Are you looking for more information on French Press Coffee? It’s a great method for brewing coffee, and you’ve come to the right place! You can spend thousands of dollars on high-tech, specialty coffee machines. But you don’t have to.
The French press is a simple, inexpensive coffee maker that delivers a high-quality brew. They don’t require electricity, so you can take them anywhere. You can even find insulated, unbreakable French presses that are great for camping. Nothing beats boiling water over the fire and making gourmet coffee when you’re in the middle of nowhere.
What Is a French Press
The French press is a cylindrical container with a mesh plunger. To over simplify, you put in the coffee grounds and hot water then push the grinds down with the plunger. But where did the French press come from?
In 1929, Italians Attilio Calimani and Giulio Moneta patented a device similar to today’s French press. Several years later, the same Italian company added the spring around the mesh filter that helped keep the disks sealed to the side, keeping the coffee grounds down.
How Does It Work?
Even though the French press is low tech, it produces a delicious, full bodied brew. With this method, you actually steep the coffee grinds.
The mesh screens are a key component. As you press the plunger down, the water swirls through the grounds and filter, taking the flavor and leaving the spent grounds. The filter then keeps the grinds on the bottom as you pour, keeping them out of your cup.
The better French presses use multiple screens and have metal discs to keep them together. Because this method does not use paper filters, you extract the most oils. The oils are what give coffee that rich flavor and enticing aroma. The lid is important to keep the heat in while the coffee is brewing.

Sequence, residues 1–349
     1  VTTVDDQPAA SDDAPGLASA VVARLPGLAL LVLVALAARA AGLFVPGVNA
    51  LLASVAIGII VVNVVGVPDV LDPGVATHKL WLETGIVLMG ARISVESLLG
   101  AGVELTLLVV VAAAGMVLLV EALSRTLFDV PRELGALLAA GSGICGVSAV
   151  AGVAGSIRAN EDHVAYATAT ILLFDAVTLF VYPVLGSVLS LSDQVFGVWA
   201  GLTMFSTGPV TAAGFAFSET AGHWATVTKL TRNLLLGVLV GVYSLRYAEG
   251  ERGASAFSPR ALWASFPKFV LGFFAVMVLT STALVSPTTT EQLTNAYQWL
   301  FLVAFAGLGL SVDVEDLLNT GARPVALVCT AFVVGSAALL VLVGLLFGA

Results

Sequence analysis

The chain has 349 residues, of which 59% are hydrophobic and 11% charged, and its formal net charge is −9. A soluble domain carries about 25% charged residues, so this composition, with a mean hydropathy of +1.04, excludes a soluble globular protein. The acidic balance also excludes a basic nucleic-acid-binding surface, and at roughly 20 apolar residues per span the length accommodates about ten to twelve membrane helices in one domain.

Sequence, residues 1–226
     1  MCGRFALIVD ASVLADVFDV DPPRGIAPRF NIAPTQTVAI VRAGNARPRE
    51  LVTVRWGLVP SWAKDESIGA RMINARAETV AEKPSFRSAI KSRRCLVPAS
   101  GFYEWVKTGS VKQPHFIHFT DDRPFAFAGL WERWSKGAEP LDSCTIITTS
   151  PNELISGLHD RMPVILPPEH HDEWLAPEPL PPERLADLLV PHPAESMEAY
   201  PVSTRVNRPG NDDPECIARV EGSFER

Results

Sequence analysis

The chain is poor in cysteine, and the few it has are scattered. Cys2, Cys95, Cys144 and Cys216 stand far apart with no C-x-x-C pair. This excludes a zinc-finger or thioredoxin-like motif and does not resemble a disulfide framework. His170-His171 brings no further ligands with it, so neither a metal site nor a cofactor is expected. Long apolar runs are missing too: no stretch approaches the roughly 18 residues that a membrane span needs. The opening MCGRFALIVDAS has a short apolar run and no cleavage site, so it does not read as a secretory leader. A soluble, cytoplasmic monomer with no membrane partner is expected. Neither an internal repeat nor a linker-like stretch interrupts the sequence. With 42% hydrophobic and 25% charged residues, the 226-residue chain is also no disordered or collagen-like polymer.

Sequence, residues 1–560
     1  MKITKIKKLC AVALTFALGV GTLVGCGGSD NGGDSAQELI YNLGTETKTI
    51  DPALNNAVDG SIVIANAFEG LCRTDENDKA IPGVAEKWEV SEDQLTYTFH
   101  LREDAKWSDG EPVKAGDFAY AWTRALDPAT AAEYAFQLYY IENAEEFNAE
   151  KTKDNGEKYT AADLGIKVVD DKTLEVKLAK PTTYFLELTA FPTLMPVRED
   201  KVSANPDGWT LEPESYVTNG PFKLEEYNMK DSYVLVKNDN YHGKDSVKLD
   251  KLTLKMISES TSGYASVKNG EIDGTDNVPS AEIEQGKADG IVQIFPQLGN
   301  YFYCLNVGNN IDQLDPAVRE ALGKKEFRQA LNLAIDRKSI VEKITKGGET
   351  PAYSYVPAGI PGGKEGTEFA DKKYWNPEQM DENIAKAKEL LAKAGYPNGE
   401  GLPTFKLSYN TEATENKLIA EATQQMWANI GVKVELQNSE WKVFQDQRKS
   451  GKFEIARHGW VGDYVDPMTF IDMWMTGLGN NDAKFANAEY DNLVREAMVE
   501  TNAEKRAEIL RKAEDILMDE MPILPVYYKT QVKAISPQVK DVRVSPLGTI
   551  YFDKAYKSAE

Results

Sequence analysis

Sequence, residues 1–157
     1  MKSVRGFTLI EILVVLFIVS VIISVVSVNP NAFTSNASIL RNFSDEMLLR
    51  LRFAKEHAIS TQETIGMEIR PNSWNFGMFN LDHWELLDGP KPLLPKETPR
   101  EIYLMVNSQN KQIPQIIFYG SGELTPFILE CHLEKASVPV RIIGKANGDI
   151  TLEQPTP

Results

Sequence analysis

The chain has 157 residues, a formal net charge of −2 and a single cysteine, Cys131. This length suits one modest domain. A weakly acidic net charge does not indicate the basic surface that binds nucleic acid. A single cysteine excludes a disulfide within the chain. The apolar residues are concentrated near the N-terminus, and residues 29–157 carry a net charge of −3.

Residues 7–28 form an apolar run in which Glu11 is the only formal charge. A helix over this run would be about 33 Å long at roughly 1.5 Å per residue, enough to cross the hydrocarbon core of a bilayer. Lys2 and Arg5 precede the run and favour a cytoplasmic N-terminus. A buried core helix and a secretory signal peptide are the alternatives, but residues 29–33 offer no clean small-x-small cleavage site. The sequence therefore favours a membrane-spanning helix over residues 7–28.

How to Make French Press Coffee
The main thing to know about the French press is that you use a coarse grind. With a regular or fine grind, the coffee would over-extract and become bitter. Also, a finer grind would slip through the mesh filter and end up in the cup. A mouthful of coffee grinds is not pleasant.
When grinding, it’s best to use a burr grinder. These give a uniform grind compared to blade grinders. This delivers even extraction and minimizes stray grounds slipping past the filter.
Steps to Great Coffee
- Preheat the carafe with hot water.
- Place the grinds in the carafe.
- Pour just enough hot water in to cover the grounds. Let it soak for about 30 seconds. This will allow the coffee to bloom.
- Slowly pour the remaining water into the carafe in a circular motion. Gently place the lid on the carafe but do not press down on the plunger.
- Have the coffee to steep about 4 minutes. Next, gently press the plunger down until the filter reaches the bottom of the carafe.
- Pour and enjoy!
The French Press Widget
The ratio of grounds to water is critical for all methods of brewing coffee. And it’s different for every brewing method and grind size. For the French press, you want about one part coffee to 15 parts water. For stronger coffee, use about one part coffee to 12 parts water.
To take the guess work out, you can use this handy French Press Widget. It will calculate the ratio of coffee and water for any amount of finished brew that you want. It then walks you though the steps.
The widget includes lots of tips to perfect your technique and consistently make great tasting French press coffee. It also has a timer to help you get the proper bloom and steep time.
Best Coffee for French Press
No matter how well you follow these steps, if you start with the wrong coffee you won’t like the results. You need the best coffee for French Press.
First, we strongly suggest that you start with whole bean coffee. Besides the freshness issue, most pre-ground coffee will be too fine. However, you will find some coarse pre-ground coffees
The second thing is to start with a specialty-grade coffee. Of course, which origin or blend you get is up to you.
Many prefer a medium to dark roast. Darker roasts work especially well for the French press. This brewing method reduces the bitterness that dark roasts can have with other brew methods. My personal favorite for the French press is a Sumatran coffee, but it’s not for everyone.
Keep It Clean
Here’s one more important tip… Be sure to keep your French press clean. Most filters will easily unscrew so you can take it apart and wash all the oils out. Built up oils will ruin the taste of your coffee quicker than anything.
As long as you follow these guidelines, you will create pot after pot of satisfying French press coffee. Happy Brewing!